European regulator fines auto-parts cartel $1.32 bn

20 Mar 2014


The European regulator has slapped a total of €953 million ($1.32 billion) fine on six European and Japanese auto-part companies for fixing prices of ball bearings supplied to car and truck manufacturers.

"Today's decision is a further milestone in the Commission's ongoing effort to bust cartels in the markets for car parts. It is incredible to see that one more car component was cartelized,'' said, Joaquín Almunia, vice president in charge of competition policy at the European Commission (EC).

Companies involved in the cartel included two European firms, SKF, the world's largest maker of ball bearings, and Germany's Schaeffler Group, and four Japanese companies, JTEKT Corp, NSK Ltd, NFC and NTN Corp. 

The Brussels-based regulator said that the six companies operated as a cartel over a seven-year period, from April 2004 until July 2011, across the European Economic Area in the market for automotive bearings in the EU, which is estimated to be at least €2 billion a year.

Automotive bearings are used by car, truck and car part manufacturers to reduce friction between moving parts inside a vehicle, like wheel bearings, bearings for gearbox, transmission, alternator or air conditioning systems.

The EC said that the companies colluded to secretly coordinate their pricing strategy vis-à-vis automotive customers.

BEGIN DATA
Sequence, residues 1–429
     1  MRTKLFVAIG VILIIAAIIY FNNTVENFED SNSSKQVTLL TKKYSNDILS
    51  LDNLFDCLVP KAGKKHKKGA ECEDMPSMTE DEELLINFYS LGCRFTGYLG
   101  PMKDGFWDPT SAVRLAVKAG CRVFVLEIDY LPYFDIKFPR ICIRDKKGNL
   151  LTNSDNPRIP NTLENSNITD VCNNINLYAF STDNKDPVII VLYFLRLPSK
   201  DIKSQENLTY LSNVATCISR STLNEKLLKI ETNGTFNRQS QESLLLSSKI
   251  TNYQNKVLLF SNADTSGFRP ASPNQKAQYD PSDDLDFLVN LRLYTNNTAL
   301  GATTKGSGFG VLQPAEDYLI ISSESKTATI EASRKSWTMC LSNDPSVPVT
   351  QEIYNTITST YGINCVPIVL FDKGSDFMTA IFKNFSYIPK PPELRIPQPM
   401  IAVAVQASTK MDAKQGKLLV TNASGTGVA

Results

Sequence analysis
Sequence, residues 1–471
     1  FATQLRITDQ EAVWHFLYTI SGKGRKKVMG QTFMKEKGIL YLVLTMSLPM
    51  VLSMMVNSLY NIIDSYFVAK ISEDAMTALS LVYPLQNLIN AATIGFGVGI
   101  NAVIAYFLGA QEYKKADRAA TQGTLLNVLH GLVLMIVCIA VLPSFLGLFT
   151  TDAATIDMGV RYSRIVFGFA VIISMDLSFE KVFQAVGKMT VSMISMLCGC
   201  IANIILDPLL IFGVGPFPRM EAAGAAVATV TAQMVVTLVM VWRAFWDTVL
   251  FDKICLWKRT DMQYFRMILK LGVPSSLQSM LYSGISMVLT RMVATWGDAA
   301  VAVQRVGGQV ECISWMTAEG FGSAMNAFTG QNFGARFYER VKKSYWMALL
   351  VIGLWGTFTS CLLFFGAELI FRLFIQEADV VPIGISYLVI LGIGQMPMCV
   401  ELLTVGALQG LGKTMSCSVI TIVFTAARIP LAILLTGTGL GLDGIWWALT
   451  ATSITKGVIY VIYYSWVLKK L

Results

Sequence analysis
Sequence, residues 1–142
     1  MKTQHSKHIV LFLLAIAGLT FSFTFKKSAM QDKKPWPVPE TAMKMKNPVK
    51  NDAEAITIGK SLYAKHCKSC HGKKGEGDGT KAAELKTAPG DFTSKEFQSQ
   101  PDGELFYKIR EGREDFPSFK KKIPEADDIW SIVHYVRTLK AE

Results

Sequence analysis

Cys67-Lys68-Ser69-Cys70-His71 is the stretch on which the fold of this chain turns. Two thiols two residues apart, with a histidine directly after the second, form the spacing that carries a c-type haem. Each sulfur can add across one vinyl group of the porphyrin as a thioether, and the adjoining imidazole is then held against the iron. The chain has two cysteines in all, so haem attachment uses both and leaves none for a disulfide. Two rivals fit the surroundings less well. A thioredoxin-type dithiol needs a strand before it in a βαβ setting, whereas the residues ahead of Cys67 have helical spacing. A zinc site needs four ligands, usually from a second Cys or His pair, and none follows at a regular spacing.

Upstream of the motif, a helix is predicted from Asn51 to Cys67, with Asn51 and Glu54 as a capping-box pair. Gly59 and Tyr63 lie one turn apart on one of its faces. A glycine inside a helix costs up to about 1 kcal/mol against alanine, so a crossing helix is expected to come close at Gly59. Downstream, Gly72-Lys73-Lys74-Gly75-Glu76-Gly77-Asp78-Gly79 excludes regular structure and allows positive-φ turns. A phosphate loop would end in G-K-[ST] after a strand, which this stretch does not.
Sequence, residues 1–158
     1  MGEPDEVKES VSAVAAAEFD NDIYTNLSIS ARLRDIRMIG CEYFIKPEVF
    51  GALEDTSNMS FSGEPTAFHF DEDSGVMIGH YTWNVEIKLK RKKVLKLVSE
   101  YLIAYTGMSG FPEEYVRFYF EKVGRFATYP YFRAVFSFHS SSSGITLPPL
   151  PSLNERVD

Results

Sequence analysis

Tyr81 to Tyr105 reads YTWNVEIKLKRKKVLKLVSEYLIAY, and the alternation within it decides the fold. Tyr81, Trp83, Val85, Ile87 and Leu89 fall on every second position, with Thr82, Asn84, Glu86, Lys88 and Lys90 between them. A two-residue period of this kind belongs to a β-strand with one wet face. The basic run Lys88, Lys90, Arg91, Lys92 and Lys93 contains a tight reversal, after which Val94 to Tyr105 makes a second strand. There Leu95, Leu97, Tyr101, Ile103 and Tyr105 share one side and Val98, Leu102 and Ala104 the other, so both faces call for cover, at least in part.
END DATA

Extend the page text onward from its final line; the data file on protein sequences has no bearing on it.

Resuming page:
The cartel coordinated the passing-on of steel price increases to their automotive customers, colluded on requests for quotations and for annual price reductions from customers and exchanged commercially sensitive information.

Japanese company JTEKT escaped a €86-million fine for revealing the existence of the cartel to the EC, while NSK, NFC, SKF and Schaeffler received reductions in fines for cooperating in the investigation.

Since all companies agreed to settle the case with the EC, their fines were further reduced by 10 per cent.

Schaeffler and SKF received the biggest fines of €370 million and €315 million, respectively, while NTN was fined €201.4 million, NSK €62.4 million, and NFC €3.96 million.

"I hope the fines imposed will deter companies from engaging in such illegal behaviour and help restore competition in this industry,'' said, Almunia.

(See: Full Text of European Commission statement)

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